SAN FRANCISCO--She's been called "The Good Jailer" by the New York Times and hailed as a reformer.
Jeanne Woodford, the former San Quentin warden, was appointed by Gov. Arnold Schwarzenegger in February to run the California Department of Corrections (CDC) the nation's largest -- and possibly most troubled -- prison system.
"I look forward to working with [the governor] to re-establish public confidence in California's prison system through real reform," she is quoted as saying on a Schwarzenegger Web site.
During 25 years at San Quentin State Prison, Woodford emphasized rehabilitating prisoners, not just warehousing them.
But all is not perfect in Woodford's old fiefdom.
Behind the iron gate of picturesque San Quentin, which from outside has the appearance of a Camelot-by-the-Sea, quiet testimony has been taking place since April, in hearings stemming from a 2002 lawsuit alleging whistleblower retaliation against inmate case analyst Kathy DeoCampo. Testimony from San Quentin staff members is providing a look inside an administration plagued by problems.
While Woodford was warden in 2002, there was a tremendous backlog of incoming inmates. Staff counselors and analysts have testified that some processing steps required by the department manual were bypassed in order to speed inmate transfers into the "mainline" of the prison -- with potentially dangerous results.
According to staff testimony, high-security prisoners were accidentally mixed with lower security inmates in San Quentin's reception center, putting the safety of prisoners and staff at risk. Inmates were also processed into San Quentin's lower-security H unit without seeing a counselor or receiving a security level classification.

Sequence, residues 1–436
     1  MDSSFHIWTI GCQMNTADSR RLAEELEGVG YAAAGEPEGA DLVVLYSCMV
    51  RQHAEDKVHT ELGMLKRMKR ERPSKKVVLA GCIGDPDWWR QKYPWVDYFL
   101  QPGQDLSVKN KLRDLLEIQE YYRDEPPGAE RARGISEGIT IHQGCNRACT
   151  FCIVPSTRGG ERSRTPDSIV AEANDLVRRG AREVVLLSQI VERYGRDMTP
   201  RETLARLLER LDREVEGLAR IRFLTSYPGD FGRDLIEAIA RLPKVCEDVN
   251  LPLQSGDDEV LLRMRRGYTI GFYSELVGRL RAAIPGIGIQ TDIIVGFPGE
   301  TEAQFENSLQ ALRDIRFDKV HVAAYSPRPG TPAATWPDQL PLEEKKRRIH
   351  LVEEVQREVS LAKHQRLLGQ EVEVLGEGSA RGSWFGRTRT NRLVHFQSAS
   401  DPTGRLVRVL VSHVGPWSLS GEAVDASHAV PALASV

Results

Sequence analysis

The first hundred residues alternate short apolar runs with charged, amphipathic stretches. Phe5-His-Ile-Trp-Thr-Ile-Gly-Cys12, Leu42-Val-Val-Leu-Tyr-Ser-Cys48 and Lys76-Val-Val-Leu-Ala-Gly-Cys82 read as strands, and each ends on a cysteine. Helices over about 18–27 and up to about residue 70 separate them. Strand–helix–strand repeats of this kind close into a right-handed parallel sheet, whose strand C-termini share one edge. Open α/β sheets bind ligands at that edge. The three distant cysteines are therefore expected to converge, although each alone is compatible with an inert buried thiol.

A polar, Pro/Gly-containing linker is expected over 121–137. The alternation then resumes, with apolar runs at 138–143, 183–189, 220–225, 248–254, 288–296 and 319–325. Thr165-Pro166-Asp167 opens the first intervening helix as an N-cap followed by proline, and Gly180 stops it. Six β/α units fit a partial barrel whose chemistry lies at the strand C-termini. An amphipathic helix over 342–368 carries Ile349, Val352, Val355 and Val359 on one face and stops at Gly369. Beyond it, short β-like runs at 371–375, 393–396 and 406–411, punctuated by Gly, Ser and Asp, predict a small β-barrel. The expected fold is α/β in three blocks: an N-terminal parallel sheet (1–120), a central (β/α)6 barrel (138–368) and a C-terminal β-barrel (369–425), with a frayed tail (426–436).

Medical and psychological records were often missing from files, delaying inmates' classification and transfer to appropriate facilities.
Early in the hearings, a prison official testified that the problem of unclassified inmates turning up in San Quentin's "mainline" had been quickly identified and resolved in 2002.
But others say it's still going on.
As if to prove the point, on June 10 a counselor testified that during the previous day's hearing she learned that one of her as-yet-unprocessed inmates was found in San Quentin's H unit.
At best, the DeoCampo hearing testimony points to a system in disarray. At worst, it may be exposing serious mismanagement and violation of regulations.
The contradictory testimony certainly invites deeper investigation from outside the prison walls.
If allegations by staff prove true, "this is very serious," says Richard Steffen, an aide and investigator for Sen. Jackie Speier. He has spent the year digging into problems of the state's prison system for the Senate's government oversight committee.
Woodford has been subpoenaed to testify in the San Quentin hearings, but according to the state's attorney in the case, she couldn't appear in June due to a heavy schedule before her June 23 state senate confirmation. She has declined repeated requests for interviews on this subject.
PNS contributor Julia Reynolds is a California-based investigative reporter specializing in criminal justice.